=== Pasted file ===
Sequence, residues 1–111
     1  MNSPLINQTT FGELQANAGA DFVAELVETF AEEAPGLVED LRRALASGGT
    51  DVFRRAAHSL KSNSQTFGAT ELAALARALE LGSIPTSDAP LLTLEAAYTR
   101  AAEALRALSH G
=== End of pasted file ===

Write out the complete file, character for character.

Sequence, residues 1–111
     1  MNSPLINQTT FGELQANAGA DFVAELVETF AEEAPGLVED LRRALASGGT
    51  DVFRRAAHSL KSNSQTFGAT ELAALARALE LGSIPTSDAP LLTLEAAYTR
   101  AAEALRALSH G